Authorization and antichains. / Crampton, J.

2002.

Research output: ThesisDoctoral Thesis

Unpublished

Abstract

Access control has been an important issue in military systems for many years and is becoming increasingly important in commercial systems. There are three important access control paradigms: the Bell-LaPadula model, the protection matrix model and the role-based access control model. Each of these models has its advantages and disadvantages. Partial orders play a significant part in the role-based access control model and are also important in defining the security lattice in the Bell-LaPadula model. The main goal of this thesis is to improve the understanding and specification of access control models through a rigorous mathematical approach. We examine the mathematical foundations of the role-based access control model and conclude that antichains are a fundamental concept in the model. The analytical approach we adopt enables us to identify where improvements in the administration of role-based access control could be made. We then develop a new administrative model for role-based access control based on a novel, mathematical interpretation of encapsulated ranges. We show that this model supports discretionary access control features which have hitherto been difficult to incorporate into role-based access control frameworks. Separation of duty is an important feature of role-based access control models that has usually been expressed in first-order logic. We present an alternative formalism for separation of duty policies based on antichains in a powerset (Sperner families), and show that it is no less expressive than existing approaches. The simplicity of the formalism enables us to analyze the complexity of implementing separation of duty policies. In the course of this analysis we establish new results about Sperner families. We also define two orderings on the set of antichains in a partially ordered set and prove that in both cases the resulting structure is a distributive lattice. This lattice provides the formal framework for a family of secure access control models which incorporate the advantages of existing paradigms without introducing many of their respective disadvantages. We present two members of this family: a new model for role-based access control, for which we give an operational semantics and prove a security theorem similar to the Basic Security Theorem for the Bell-LaPadula model; and the secure hierarchical protection matrix model which combines the strong security properties of the Bell-LaPadula model with the flexibility of the protection matrix model.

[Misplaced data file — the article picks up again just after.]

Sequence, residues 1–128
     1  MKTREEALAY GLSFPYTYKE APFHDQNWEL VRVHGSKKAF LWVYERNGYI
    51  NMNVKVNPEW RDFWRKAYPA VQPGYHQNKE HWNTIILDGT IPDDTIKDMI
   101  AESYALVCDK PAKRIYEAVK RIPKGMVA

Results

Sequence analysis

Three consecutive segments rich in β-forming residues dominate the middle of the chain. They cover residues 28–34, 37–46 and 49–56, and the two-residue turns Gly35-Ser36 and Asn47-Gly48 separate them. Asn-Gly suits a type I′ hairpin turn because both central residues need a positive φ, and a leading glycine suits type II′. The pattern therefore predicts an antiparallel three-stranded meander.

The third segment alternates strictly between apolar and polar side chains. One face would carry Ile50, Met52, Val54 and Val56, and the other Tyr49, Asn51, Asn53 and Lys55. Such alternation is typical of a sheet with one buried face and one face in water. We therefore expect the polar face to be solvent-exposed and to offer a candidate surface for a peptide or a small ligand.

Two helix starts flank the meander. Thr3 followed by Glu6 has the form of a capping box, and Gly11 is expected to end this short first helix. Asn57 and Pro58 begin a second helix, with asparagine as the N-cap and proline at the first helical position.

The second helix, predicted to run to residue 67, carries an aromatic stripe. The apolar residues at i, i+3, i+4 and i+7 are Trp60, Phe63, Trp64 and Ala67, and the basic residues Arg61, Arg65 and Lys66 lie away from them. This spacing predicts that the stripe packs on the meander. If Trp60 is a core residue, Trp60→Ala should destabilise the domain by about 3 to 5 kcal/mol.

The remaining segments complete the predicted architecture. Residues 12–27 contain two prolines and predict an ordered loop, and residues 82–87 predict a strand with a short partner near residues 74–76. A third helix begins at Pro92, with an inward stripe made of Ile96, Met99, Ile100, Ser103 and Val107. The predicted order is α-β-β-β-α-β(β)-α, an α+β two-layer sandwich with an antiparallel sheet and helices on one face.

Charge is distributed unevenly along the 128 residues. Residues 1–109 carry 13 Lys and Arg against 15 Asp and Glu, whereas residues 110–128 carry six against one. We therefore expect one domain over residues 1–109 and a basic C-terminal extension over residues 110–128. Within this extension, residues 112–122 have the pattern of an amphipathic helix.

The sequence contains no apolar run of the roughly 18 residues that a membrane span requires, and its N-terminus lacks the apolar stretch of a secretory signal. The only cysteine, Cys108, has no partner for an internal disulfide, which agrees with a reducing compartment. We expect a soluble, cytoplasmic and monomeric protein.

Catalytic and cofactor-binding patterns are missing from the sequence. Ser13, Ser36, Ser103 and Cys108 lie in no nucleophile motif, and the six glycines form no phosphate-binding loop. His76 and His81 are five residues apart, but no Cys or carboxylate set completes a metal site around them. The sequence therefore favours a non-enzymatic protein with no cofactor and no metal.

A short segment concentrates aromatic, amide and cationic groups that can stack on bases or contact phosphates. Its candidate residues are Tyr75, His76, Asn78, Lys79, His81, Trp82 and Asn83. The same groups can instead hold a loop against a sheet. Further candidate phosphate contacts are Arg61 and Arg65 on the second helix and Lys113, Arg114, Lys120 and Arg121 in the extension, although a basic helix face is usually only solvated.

Original languageEnglish
QualificationPhD
Awarding Institution
  • Birkbeck College, University of London
Supervisors/Advisors
  • Loizou, G., Supervisor, External person
Publication statusUnpublished - 2002

ID: 1274241